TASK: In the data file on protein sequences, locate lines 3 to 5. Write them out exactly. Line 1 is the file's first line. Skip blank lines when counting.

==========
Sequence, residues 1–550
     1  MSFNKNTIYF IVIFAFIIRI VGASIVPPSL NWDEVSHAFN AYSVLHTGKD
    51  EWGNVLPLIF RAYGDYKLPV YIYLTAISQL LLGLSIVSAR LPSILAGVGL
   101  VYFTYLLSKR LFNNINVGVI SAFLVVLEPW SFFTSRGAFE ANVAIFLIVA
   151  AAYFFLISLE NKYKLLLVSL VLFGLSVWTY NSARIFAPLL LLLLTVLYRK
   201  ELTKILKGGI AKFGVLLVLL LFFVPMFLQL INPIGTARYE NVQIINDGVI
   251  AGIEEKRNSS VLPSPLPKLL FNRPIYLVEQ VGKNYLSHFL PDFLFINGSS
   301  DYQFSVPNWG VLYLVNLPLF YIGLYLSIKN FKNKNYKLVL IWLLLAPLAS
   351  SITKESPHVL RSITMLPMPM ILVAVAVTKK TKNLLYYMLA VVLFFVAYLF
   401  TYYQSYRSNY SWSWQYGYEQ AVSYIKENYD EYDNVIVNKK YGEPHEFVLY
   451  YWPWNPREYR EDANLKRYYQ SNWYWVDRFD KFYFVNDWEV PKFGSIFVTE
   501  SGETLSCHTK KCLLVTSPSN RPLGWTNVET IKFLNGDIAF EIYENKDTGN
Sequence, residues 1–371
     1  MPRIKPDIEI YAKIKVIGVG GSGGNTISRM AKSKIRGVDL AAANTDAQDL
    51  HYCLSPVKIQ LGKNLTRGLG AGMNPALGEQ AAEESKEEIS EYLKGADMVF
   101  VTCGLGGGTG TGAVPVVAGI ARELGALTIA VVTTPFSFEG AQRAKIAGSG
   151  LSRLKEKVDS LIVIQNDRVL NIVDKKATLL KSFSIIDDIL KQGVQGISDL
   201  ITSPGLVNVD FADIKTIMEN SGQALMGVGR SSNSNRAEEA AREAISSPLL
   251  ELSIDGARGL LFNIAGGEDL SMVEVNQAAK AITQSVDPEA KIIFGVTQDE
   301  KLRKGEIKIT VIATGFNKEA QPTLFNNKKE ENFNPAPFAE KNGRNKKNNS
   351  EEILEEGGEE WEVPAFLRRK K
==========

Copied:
    51  EWGNVLPLIF RAYGDYKLPV YIYLTAISQL LLGLSIVSAR LPSILAGVGL
   101  VYFTYLLSKR LFNNINVGVI SAFLVVLEPW SFFTSRGAFE ANVAIFLIVA
   151  AAYFFLISLE NKYKLLLVSL VLFGLSVWTY NSARIFAPLL LLLLTVLYRK